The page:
Ukrainian military officials are tight-lipped on any timeline for a wider push, but say they need more supplies of Western weapons before one can happen. Ukraine lacks the capacity to launch a full-scale offensive anywhere along the 1,200-mile front line, one security official conceded.
“We have to be honest — for now, Ukraine doesn’t have a sufficient number of weapons systems for a counteroffensive,” said a defense and intelligence adviser to the Ukrainian government who spoke on the condition of anonymity because he is not authorized to speak to the press.
“It’s still possible to get a result, but if so it will be the result of smart Ukraine strategy more than of countering Russia with equal power,” the adviser said. “It’s very difficult to match them.”
In an interview this week, Maj. Gen. Dmytro Marchenko, Ukrainian army commander, also said “small batches” of Western military aid means carrying out offensive actions is “very difficult” but expressed optimism that the dynamic would change soon.
“I think once we get the full package of this aid, our counteroffensive will be very quick,” he told RBC newspaper, urging people of Kherson to be “a little patient.”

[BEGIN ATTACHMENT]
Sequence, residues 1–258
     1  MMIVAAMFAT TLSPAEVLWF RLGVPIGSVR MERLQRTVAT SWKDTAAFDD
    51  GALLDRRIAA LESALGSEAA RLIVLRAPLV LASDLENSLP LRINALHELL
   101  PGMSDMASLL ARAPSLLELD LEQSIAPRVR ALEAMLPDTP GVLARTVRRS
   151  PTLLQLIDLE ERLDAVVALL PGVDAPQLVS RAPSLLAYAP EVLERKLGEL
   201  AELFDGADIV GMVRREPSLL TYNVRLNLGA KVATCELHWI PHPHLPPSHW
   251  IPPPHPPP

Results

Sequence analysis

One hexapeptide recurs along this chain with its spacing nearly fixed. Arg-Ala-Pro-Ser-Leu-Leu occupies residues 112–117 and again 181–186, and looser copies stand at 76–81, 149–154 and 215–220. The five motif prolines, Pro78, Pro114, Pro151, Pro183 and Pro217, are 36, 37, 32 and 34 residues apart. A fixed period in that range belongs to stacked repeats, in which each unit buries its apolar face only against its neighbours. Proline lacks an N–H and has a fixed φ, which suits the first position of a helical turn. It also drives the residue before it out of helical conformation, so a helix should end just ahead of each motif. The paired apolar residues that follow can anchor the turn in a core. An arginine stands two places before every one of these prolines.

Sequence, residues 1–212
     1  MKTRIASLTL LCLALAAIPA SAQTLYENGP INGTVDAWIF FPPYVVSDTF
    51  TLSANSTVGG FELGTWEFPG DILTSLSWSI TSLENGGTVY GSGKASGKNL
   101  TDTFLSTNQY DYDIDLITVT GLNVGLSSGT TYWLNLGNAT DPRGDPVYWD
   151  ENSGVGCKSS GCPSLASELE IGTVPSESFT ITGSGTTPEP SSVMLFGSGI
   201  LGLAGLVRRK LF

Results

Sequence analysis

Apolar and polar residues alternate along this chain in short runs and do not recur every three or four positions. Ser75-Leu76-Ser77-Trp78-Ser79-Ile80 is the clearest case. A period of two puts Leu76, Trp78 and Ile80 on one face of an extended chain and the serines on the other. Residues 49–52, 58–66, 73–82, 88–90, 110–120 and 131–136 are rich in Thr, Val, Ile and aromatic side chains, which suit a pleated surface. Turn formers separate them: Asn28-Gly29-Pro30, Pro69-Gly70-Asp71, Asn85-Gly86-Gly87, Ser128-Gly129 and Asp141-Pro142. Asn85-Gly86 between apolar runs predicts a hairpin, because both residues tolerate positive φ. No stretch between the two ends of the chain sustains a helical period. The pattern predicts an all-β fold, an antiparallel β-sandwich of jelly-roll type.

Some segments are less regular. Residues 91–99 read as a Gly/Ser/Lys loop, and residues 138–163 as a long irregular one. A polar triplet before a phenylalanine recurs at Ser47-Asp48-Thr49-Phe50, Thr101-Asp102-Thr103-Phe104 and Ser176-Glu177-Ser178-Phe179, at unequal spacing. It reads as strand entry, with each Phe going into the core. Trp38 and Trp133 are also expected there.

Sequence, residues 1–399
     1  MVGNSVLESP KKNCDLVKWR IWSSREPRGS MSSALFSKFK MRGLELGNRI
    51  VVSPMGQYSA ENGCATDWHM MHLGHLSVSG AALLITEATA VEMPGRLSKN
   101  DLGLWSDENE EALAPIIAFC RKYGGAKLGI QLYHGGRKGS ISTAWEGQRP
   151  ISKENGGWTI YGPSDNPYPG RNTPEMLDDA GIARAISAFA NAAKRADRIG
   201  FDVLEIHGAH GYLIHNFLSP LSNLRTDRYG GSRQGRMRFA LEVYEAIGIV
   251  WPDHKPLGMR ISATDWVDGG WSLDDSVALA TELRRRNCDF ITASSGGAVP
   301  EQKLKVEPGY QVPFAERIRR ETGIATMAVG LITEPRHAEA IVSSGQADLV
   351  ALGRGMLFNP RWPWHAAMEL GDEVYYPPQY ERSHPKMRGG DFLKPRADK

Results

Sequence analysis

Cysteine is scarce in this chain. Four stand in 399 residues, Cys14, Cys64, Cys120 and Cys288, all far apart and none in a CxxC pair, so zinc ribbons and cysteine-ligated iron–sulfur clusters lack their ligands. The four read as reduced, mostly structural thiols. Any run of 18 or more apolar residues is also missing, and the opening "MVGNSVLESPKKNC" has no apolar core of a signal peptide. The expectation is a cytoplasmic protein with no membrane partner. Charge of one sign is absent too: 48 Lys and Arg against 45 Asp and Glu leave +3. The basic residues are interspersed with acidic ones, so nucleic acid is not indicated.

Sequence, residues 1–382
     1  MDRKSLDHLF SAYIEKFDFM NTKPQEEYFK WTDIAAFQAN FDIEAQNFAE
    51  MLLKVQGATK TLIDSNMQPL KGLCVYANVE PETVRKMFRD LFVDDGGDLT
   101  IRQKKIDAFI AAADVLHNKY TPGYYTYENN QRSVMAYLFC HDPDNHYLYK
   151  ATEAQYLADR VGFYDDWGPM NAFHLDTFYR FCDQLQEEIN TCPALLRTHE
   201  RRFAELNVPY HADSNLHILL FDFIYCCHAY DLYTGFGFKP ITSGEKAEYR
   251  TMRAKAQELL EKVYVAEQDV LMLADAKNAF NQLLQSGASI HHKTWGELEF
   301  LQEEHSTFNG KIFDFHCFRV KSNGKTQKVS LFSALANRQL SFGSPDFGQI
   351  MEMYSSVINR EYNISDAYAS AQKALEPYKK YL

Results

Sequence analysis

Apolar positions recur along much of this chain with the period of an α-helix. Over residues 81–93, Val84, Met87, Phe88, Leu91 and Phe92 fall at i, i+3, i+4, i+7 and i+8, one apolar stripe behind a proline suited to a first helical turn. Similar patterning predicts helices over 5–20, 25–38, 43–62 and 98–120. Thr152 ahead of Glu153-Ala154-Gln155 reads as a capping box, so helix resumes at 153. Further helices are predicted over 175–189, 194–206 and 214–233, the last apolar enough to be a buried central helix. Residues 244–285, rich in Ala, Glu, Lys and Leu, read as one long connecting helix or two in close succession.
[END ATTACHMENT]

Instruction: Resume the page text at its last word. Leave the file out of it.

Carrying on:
“It will not be as long as everyone expects,” Marchenko added.
Others have appeared to temper expectations, stressing that the situation is dynamic. In recent days, Russia has launched a new assault on cities in Ukraine’s east.
“It changes pretty much every day because the enemy moves their forces and we change our tactics and maneuvers,” said Yuriy Sak, an adviser to the defense minister. “Things change and plans change.”
The counteroffensive “is already happening” in the way that is feasible, said Natalia Humeniuk, a spokeswoman for the Ukrainian military’s Southern Command, adding that progress will be “little by little” and pointing out that the conflict is a “hybrid war.”
Some have even hinted that the offensive here may have been trumpeted as part of a campaign of informational warfare, designed to draw Russian firepower away from areas farther east.
And Russia has been reinforcing. About 3,000 troops have arrived in the Kherson region over the past week alone, bringing to at least 15,000 the number of Russian troops on the western bank of the Dnieper River, the intelligence adviser said.
Most of them are elite airborne troops who are helping to bolster exhausted Russian forces who have been manning the front line for months, said Kirill Mikhailov, a Kyiv-based analyst with the Conflict Intelligence Team, a Russian research and investigative group.
Fleeing residents describe Russian troops as hunkering down.